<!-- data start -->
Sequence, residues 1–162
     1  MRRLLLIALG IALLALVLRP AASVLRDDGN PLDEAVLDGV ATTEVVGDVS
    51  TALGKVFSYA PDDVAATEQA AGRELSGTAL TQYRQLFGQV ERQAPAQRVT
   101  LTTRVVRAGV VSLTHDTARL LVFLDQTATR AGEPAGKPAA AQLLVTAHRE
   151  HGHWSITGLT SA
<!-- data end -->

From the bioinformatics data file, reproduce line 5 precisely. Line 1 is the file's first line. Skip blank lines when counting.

   151  HGHWSITGLT SA